Over the past three years, China has seen a significant decline in its working population, with over 41 million people leaving the workforce. The drop in numbers is attributed to the impact of the COVID-19 pandemic on the country’s economy, coupled with a decline in the working-age population. According to the country’s statistics bureau, 733.5 million people were employed in 2022, compared to 774.7 million in 2019. The data also reveals an increase in the number of retirees, which is likely to put pressure on Beijing to expedite plans to raise official retirement ages.
Stuart Gietel-Basten, a demographer at the Hong Kong University of Science and Technology, explains that the decline in the working population is due to factors such as higher youth unemployment caused by the pandemic and a shrinking number of people in the “classic age group of the working-age population.” The number of people aged between 16 and 59 has been gradually declining since 2012, and over the last three years, the number in that group dropped 38 million to 857.6 million. This demographic change has been the main driving factor behind the employment drop, according to Lu Feng, a labor economist at Peking University, as the number of people reaching retirement age has increased dramatically.
China’s economic growth is expected to pick up this year as coronavirus restrictions end, and the number of employed people in China could rise as people return to the workforce. However, the employment trend will remain on a structural downtrend due to the aging population, according to Larry Hu, a China economist at Macquarie Securities Ltd.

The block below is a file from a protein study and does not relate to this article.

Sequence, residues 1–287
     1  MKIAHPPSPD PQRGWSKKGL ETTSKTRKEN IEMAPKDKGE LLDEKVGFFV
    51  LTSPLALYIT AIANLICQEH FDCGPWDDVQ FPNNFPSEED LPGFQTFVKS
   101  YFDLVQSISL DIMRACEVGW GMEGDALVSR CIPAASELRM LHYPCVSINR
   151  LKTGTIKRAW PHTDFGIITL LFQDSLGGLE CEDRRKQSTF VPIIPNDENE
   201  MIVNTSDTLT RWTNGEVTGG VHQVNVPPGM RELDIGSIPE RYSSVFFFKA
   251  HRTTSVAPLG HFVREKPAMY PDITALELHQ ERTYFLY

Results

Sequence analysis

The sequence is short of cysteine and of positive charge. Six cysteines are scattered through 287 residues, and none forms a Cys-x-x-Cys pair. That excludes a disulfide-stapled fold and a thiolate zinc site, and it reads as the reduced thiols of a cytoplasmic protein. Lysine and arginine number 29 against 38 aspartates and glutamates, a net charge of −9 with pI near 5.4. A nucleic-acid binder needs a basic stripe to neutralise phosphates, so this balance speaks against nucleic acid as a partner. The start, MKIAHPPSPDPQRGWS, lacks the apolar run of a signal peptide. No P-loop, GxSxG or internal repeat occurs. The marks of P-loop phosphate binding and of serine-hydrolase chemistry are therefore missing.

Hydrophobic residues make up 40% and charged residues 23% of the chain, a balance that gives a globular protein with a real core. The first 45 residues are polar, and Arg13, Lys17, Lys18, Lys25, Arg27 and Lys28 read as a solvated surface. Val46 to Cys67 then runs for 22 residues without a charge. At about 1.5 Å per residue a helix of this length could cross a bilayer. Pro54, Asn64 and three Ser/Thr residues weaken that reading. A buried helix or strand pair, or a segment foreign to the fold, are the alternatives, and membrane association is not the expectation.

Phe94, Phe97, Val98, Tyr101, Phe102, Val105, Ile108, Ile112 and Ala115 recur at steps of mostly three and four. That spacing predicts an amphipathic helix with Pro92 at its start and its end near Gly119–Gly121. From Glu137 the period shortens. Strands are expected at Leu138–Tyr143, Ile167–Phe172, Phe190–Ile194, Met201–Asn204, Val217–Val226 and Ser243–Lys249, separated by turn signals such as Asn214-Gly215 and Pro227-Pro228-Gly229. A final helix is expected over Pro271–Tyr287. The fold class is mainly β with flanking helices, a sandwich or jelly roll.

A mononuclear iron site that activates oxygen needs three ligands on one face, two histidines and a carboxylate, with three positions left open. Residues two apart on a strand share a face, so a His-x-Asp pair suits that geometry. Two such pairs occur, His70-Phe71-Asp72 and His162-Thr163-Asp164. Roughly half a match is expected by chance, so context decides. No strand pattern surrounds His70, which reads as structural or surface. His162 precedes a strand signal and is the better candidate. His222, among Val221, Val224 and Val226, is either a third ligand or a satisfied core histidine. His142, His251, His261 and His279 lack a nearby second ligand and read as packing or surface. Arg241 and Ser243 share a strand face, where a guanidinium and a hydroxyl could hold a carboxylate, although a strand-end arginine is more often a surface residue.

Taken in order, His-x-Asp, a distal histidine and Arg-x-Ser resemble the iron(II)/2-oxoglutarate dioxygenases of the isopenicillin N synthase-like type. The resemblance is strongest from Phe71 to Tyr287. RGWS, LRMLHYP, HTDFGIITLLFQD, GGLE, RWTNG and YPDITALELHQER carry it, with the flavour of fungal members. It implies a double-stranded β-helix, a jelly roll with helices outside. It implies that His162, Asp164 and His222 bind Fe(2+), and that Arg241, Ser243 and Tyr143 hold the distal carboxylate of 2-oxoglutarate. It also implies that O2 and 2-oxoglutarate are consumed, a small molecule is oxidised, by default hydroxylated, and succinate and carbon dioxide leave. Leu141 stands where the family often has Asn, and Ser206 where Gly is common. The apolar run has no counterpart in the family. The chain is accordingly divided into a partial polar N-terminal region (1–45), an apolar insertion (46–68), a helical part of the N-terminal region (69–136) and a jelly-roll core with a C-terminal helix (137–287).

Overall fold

China’s retirement age has remained unchanged for over four decades, with the retirement age being 60 for men and 55 for female white-collar workers, despite an increase in life expectancy. As a result of the baby boom during the 1960s, a significant number of workers will fall out of the 16-59 age group over the course of this decade. The Chinese government has listed retirement age reform as a key economic task for the year and may provide more detail on reform plans this month when the annual government work report is presented at the National People’s Congress.
China’s workforce has become significantly more urbanized over the past decade, with around 63% of workers employed in urban areas last year, up from 50% a decade earlier. The increase in urbanization is seen as a positive trend for economic growth. Additionally, labor productivity, defined as gross domestic product produced per worker, increased by 4.2% in 2022, according to the statistics bureau, although this is slower than the rates of around 6% per year reported in the 2010s.
Vice-minister of human resources and social security, Yu Jiadong, stated that the decrease in China’s working-age population is driven by the rising number of retirees. He added that China has the largest population and labor force of any developing country. However, the decline in the working population is likely to put pressure on the government to implement retirement age reform and find new ways to maintain economic growth.